In our April round-up we explore the future of retail, its impact on the modern shopper and the latest ways that brands are using experience to add value and drive footfall. We review the new and innovative technology that is changing the way we shop and how we live, and also evaluate the trends redefining the grocery sector this month.
The demand for a constantly changing wardrobe and the growing consciousness around sustainability has breathed life into online services like Rent the Runway. Now it’s not just clothing that shoppers are keen to hold onto for a short period of time; the rental concept has now entered the home design market. From bedroom bundles to living room features, Wayfair and Rent the Runway have partnered together to offer decorative household items so customers can constantly refresh their homes. While it makes sense to rent expensive big-ticket furniture items (like the ones offered through IKEA’s subscription-based model), it will be interesting to see whether shoppers will want to use this service for small home details.
Brands are winning over shoppers by providing them with super-fast copy-cat styles as seen on celebrities such as Kim Kardashian. Retailers such as 'Oh Polly' and 'Missguided' are amongst those who send shoppers copy-cat clothing within a week of the image being posted on social media. While it's great for shoppers to have cheap access to the last trends in fashion, there are ethical and legal implications brands should be aware of. For example Kim Kardashian recently filed a £7m lawsuit against Missguided for profiting on a replica outfit she posted on Instagram. Furthermore, producing identical copies of original designs at the fraction of the price, brings to question whether its ethical to copy the work of fashion designers.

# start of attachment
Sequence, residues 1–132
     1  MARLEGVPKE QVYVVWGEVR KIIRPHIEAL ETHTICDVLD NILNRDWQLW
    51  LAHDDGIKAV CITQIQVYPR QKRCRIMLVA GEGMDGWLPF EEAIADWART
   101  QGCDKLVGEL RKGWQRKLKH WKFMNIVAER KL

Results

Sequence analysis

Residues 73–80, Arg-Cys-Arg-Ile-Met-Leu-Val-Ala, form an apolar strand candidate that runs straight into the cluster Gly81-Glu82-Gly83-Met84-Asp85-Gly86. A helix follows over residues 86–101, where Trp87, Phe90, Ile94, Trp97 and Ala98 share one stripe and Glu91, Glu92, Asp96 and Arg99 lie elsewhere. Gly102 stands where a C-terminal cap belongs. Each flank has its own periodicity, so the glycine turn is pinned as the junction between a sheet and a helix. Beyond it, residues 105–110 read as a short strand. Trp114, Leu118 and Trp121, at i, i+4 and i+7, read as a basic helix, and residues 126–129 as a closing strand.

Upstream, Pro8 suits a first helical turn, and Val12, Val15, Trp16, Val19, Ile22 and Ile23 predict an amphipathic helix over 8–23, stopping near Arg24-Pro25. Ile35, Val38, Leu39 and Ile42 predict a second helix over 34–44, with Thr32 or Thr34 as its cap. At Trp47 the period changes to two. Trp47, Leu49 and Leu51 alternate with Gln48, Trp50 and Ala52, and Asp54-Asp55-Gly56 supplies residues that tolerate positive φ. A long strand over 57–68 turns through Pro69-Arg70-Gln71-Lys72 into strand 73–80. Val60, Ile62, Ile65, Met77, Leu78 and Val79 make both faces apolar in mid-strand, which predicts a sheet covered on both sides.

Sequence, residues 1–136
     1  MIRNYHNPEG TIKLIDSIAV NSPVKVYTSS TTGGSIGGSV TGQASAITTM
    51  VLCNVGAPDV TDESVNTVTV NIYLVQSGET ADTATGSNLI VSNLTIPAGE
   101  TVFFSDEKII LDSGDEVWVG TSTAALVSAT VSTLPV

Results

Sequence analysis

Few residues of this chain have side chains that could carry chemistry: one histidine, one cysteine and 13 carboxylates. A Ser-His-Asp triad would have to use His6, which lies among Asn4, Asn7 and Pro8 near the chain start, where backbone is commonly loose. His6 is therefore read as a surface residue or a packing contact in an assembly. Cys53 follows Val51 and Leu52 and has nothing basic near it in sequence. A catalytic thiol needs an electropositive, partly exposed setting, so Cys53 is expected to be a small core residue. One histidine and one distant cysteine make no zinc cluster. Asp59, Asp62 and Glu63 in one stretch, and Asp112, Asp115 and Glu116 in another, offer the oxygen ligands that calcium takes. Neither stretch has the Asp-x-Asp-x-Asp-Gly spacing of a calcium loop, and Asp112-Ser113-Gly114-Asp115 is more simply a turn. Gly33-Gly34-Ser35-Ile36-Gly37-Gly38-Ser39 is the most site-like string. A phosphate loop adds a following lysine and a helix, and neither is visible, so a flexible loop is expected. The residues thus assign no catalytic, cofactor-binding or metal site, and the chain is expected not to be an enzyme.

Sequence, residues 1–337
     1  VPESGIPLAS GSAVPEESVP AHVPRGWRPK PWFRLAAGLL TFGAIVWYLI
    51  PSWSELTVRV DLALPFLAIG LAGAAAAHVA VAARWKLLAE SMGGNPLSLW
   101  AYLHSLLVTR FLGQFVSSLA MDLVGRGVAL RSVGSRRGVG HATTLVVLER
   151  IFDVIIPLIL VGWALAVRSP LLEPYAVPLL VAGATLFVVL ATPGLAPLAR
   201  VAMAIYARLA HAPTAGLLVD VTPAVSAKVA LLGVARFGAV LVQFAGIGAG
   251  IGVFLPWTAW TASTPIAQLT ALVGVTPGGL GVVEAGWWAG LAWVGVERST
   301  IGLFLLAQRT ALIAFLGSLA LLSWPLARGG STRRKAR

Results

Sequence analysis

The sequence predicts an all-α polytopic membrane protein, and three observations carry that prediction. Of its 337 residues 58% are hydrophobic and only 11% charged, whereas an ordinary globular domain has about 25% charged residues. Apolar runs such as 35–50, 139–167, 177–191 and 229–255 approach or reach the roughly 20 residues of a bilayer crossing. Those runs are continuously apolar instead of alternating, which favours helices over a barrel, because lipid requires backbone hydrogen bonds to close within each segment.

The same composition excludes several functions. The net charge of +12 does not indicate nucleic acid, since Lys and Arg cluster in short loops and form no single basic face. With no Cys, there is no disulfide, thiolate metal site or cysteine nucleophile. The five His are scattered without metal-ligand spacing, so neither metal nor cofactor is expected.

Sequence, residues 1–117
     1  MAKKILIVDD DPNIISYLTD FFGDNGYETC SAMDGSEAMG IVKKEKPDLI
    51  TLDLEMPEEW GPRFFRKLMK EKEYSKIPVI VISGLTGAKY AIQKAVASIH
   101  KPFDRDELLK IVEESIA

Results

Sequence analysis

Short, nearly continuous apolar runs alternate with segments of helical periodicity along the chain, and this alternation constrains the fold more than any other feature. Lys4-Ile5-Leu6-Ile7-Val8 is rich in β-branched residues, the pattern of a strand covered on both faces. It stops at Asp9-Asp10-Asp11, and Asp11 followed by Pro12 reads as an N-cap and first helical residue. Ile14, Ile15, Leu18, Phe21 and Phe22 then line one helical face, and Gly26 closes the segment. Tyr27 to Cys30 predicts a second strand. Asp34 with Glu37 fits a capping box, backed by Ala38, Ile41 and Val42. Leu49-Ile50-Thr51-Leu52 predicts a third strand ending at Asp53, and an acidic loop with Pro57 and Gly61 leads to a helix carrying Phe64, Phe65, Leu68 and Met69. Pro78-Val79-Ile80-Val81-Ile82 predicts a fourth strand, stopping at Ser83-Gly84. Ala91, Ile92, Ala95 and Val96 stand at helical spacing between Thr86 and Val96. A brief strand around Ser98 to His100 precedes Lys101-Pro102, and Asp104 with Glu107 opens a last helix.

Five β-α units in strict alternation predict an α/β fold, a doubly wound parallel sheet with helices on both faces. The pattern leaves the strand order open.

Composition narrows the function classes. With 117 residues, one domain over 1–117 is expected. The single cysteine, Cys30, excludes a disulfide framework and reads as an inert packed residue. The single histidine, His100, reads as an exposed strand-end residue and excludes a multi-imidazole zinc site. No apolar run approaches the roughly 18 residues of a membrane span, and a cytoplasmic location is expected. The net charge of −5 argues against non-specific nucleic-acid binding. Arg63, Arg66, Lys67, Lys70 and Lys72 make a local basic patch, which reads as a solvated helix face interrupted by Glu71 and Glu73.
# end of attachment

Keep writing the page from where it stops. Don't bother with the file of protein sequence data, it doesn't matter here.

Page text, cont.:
New York’s Hudson Yards is ticking all the boxes for experiential retail. The space features art installations, nap pods, meditation spaces and a prioritised omni-channel shopping experience. A floor which had been dubbed as the ‘Floor of Discovery’ entices shoppers to find brands that resonate with their lifestyle. The space reminds us of a New York styled version of Coal Drops Yard; offering the perfect environment for retailers to compete with each other and push the boundaries to offer shoppers an experience to remember.
With the likes of Glossier and Drunk Elephant disrupting the beauty market, health and beauty retailer Boots have finally made the decision to completely reinvent their retail experiences. The transformation will see Boots stores across the country replacing their traditional beauty counters with trending zones, discovery areas, and live demonstration spaces. We are excited to see Boots finally reimagining their previously outdated retail concept. But have other beauty brands already made their mark with shoppers?
Primark and Disney are teaming up to open a Disney Café in Primark’s Birmingham store, the first outside of the entertainment giants' own resorts and cruise ships. The Birmingham store will also host a street food inspired outlet called Primarket Café as well as the biggest beauty studio to date. Since Primark does not trade online, it’s important to create incentives that will attract shoppers to traditional retail. These experiences and the exclusive collaboration with Disney are great ways of doing so.